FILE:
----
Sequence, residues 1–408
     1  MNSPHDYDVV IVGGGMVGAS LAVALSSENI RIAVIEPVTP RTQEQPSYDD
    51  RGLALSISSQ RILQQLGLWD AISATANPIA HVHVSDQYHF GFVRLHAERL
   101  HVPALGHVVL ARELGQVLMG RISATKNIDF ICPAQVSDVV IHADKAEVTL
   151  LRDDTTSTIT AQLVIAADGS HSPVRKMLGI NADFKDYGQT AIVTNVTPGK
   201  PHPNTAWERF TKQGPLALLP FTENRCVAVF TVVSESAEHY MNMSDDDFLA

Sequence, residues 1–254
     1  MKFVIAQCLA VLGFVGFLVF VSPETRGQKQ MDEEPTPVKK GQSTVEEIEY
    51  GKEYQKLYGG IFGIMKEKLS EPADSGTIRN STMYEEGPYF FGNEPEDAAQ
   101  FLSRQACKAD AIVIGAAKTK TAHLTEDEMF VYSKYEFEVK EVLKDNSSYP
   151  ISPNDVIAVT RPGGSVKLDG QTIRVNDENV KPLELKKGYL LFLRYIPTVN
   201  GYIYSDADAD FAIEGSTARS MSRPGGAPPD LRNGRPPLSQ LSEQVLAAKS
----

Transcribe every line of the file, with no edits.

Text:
Sequence, residues 1–408
     1  MNSPHDYDVV IVGGGMVGAS LAVALSSENI RIAVIEPVTP RTQEQPSYDD
    51  RGLALSISSQ RILQQLGLWD AISATANPIA HVHVSDQYHF GFVRLHAERL
   101  HVPALGHVVL ARELGQVLMG RISATKNIDF ICPAQVSDVV IHADKAEVTL
   151  LRDDTTSTIT AQLVIAADGS HSPVRKMLGI NADFKDYGQT AIVTNVTPGK
   201  PHPNTAWERF TKQGPLALLP FTENRCVAVF TVVSESAEHY MNMSDDDFLA

Sequence, residues 1–254
     1  MKFVIAQCLA VLGFVGFLVF VSPETRGQKQ MDEEPTPVKK GQSTVEEIEY
    51  GKEYQKLYGG IFGIMKEKLS EPADSGTIRN STMYEEGPYF FGNEPEDAAQ
   101  FLSRQACKAD AIVIGAAKTK TAHLTEDEMF VYSKYEFEVK EVLKDNSSYP
   151  ISPNDVIAVT RPGGSVKLDG QTIRVNDENV KPLELKKGYL LFLRYIPTVN
   201  GYIYSDADAD FAIEGSTARS MSRPGGAPPD LRNGRPPLSQ LSEQVLAAKS